Louis Myles Louis Myles Director/Producer/Writer

In 1987 the Yugoslavia Under 20 football team travelled to Chile to take part in the World Youth Championship.

Formed of the best young talent from the republic (but with an unusual emphasis on players from Croatia) the team completely dominated the tournament with their beautiful attacking football.

Their triumph meant this phenomenally talented group , led by captain Zvoimir Boban, gained world recognition.

Robert Prosinečki, Igor Štimac and Davor Suker also came to the public’s notice.

Big things were expected of these players and over time they duly delivered - coming third at the World Cup in 1998.

But they didn’t achieve success under the flag of Yugoslavia, and their exploits off the pitch were just as significant as on it.

Their lives became inextricably linked with narrative of the breakup of Yugoslavia, and the birth of the country that they loved, Croatia.

Croatia: Defining a Nation looks at the growth of this band of brothers from young men in an oppressive regime, to iconoclasts in their new country.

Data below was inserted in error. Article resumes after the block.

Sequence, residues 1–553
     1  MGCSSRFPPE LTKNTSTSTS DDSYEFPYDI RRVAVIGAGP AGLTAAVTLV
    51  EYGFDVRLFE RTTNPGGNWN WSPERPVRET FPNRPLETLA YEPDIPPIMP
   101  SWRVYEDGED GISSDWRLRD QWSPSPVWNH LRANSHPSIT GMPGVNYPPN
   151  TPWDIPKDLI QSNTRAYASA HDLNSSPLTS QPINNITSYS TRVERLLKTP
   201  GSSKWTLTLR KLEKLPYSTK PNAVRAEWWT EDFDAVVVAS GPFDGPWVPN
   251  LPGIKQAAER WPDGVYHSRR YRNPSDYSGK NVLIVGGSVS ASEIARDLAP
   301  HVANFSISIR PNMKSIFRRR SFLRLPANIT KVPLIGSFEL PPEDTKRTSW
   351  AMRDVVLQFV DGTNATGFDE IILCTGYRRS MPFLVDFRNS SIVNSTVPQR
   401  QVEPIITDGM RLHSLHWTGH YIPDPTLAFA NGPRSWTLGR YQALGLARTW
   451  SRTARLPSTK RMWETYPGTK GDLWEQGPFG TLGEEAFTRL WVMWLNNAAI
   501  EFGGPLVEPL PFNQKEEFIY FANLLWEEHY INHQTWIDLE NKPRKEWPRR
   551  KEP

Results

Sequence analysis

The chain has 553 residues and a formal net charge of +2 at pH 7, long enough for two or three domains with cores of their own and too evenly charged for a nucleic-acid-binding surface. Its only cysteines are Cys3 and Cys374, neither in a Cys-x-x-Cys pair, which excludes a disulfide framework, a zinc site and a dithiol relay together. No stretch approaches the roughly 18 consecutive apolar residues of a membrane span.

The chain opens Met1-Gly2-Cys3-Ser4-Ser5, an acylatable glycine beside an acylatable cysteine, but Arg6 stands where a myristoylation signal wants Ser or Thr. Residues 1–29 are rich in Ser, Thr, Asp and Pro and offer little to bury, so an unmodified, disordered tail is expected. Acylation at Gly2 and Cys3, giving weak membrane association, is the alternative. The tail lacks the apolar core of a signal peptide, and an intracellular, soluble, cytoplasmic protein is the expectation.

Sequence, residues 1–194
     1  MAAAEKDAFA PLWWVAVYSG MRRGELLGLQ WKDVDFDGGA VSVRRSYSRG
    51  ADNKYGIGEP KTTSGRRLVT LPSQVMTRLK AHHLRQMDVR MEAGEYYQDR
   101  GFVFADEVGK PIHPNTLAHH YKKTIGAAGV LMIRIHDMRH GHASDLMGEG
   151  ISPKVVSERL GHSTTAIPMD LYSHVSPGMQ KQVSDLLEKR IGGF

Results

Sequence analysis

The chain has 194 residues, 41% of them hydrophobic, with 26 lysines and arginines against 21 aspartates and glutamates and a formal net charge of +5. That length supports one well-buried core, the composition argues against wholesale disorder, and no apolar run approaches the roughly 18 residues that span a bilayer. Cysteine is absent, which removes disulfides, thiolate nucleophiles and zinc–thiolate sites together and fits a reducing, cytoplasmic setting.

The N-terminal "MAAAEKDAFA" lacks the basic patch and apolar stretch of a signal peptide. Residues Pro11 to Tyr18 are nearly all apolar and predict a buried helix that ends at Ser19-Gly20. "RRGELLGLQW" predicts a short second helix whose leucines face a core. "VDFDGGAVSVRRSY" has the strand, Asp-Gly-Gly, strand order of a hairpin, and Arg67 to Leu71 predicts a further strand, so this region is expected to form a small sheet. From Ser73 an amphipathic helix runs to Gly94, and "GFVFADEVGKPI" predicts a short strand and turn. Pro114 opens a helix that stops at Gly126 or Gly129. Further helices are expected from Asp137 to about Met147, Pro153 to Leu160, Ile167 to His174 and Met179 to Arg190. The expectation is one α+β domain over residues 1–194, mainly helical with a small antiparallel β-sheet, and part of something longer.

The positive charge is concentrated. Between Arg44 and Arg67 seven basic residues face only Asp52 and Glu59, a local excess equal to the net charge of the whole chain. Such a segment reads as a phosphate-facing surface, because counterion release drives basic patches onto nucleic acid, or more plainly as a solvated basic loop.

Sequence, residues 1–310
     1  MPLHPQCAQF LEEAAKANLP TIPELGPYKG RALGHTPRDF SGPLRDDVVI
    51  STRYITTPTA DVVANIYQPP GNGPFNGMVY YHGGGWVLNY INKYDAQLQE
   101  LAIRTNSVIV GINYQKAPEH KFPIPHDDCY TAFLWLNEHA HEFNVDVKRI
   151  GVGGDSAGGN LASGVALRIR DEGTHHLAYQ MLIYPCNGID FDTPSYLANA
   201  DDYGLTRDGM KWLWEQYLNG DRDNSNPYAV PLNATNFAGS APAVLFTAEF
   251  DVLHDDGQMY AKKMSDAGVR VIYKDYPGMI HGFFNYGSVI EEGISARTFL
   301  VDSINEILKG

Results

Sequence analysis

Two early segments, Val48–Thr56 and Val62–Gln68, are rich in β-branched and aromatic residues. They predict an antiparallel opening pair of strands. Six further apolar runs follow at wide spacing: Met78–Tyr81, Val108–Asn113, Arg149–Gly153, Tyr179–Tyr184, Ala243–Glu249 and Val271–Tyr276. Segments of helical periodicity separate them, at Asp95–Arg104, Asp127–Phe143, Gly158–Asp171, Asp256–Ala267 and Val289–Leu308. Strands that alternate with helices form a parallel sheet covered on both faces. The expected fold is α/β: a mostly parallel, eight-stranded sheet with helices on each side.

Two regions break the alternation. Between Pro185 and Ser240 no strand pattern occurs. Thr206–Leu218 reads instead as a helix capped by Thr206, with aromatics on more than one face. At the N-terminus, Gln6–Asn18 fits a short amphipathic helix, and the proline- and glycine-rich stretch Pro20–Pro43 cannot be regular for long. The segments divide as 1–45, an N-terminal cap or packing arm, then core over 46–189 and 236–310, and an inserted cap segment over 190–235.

Key to the film are the stories of Zvonimir Boban, Slaven Bilić and Igor Štimac. All three were Croatian patriots, and all of them expressed that in different ways.

None were more central to the story than Boban whose distaste of the Yugoslav regime was so great, that he fly-kicked a policeman in the Dinamo Zagreb-Red Star Belgrade derby during an organised riot, led by a warlord who would go on to become a world famous war criminal.

The kick was so infamous that some argue it started the war. Whatever the truth of that, its impact was proof it is impossible to separate football from politics.

Whilst the players did not fight on the frontline, they carried their nations hopes on their shoulders - promoting Croatia to the world as it fought for its independence.

And when the fighting ended, their talent on the football pitch brought joy to their people - establishing the identity of the country, and the blueprint for all that followed them.